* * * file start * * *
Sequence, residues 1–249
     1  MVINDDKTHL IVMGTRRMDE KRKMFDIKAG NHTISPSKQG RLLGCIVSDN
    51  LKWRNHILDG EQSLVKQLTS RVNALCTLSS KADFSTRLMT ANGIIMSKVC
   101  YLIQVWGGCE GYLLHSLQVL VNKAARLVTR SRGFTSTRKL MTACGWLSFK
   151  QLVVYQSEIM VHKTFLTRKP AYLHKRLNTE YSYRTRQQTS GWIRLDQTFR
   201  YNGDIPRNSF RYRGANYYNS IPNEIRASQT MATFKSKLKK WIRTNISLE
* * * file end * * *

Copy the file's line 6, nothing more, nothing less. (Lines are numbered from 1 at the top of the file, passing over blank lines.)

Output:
   201  YNGDIPRNSF RYRGANYYNS IPNEIRASQT MATFKSKLKK WIRTNISLE